Author

I have been working professionally with Microsoft Windows since Windows NT 3.1 was released. The first Windows NT 3.1 server I installed for a customer ran on a DEC Alpha. That should not impress you. That just lets you know that I am old.

Since 1993 the majority of my career has been focused on the implementation, support, and operations of Microsoft server products. In 2009, my boss at the time told me that I would be responsible for our company’s implementation of Office Communications Server 2007 R2. Quite honestly I wasn’t terribly excited. I had always avoided the telephony side of IT as best as I could.

However, as we started enabling Enterprise Voice in OCS, I became seduced by the possibilities of true Unified Communications. By the time Lync was released, I was voraciously reading every tidbit I could find on the Internet. We installed Lync into production in February of 2011, a scant 2 months after it was released to market. Soon thereafter my job title changed to Sr. Telecom Engineer. My avoidance of telephony in IT had officially come to an end. But I didn’t mind as the team with which I worked were rapidly converting users from old school digital handsets to Enterprise Voice enabled Lync users. By the time I left the company, we had converted around half of our users across the USA and Canada to Enterprise Voice.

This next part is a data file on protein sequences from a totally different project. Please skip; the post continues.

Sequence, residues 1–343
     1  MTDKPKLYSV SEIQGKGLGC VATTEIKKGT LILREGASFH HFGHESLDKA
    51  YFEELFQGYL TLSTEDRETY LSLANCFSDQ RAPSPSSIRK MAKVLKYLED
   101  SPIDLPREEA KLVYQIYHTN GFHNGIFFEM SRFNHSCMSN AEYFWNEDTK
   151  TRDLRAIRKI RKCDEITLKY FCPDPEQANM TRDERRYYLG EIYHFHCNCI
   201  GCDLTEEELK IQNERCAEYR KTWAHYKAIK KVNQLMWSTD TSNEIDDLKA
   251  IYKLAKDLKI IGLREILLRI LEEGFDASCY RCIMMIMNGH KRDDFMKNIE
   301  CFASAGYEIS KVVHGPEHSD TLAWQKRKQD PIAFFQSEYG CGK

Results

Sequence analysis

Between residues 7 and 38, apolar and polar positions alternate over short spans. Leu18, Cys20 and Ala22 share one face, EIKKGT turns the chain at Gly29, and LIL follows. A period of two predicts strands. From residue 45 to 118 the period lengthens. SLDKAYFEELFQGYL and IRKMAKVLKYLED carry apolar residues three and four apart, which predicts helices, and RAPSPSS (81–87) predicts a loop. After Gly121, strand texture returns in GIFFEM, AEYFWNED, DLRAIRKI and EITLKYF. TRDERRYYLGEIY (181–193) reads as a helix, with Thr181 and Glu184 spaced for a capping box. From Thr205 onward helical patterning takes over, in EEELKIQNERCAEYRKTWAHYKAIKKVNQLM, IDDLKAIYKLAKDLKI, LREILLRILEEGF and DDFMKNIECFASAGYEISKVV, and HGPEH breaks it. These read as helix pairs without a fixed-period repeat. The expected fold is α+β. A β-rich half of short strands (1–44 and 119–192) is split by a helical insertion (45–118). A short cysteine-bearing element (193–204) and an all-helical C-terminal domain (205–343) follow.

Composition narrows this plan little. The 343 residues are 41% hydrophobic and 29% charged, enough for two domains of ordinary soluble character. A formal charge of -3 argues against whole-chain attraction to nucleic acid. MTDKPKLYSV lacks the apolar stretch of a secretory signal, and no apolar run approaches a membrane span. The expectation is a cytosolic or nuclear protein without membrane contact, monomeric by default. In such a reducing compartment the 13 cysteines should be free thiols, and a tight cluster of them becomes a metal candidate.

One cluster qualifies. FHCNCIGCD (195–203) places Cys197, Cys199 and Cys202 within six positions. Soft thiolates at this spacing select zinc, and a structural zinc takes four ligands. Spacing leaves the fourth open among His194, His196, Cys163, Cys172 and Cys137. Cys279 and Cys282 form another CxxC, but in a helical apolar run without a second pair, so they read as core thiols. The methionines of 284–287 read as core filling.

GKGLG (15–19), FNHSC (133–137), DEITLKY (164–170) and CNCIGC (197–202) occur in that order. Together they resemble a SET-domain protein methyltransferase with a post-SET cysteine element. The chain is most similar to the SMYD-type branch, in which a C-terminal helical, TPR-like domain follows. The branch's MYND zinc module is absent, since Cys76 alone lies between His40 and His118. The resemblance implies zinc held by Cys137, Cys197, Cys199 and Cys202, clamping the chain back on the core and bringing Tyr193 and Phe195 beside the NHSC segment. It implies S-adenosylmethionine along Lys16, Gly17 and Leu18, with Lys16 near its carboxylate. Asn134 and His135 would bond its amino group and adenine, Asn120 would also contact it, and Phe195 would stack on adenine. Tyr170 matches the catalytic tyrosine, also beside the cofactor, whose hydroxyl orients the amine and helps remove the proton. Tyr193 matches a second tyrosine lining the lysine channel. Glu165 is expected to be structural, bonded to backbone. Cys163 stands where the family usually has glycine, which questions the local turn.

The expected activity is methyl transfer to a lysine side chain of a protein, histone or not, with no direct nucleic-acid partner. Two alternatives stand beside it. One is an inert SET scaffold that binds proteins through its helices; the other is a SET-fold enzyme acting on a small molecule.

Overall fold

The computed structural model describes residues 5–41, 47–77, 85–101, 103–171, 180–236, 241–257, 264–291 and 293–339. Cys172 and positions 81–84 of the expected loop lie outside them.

I was briefly a Lync consultant and then landed at a multinational corporation where one of my primary responsibilities is standardizing the corporation on Enterprise Voice. I have worked either directly or indirectly on projects on every major continent. I doubt I’ll ever do much with Antarctica.

My personal web page can be found at www.flinchbot.com. On that site you will find interesting things I’ve learned about Skype for Business and Lync.

I also run the UC Now website found at www.uc-now.com. This site contains an aggregation of pretty much every English-language Lync blog that is even somewhat active. As of this writing, over 120 feeds are aggregated to spit out the latest articles. For those with Windows Phones or Android devices, look for the “UC Now” app on your devices app store. There is also a version for Windows 8.1 and later.

This book should help you greatly enhance your knowledge of how Enterprise Voice in the Skype for Business world works. If not, thanks for your money and do everyone else a favor and plaster the Internet with negative reviews.

Michael Tressler

www.flinchbot.com

flinchbot@outlook.com

@flinchbot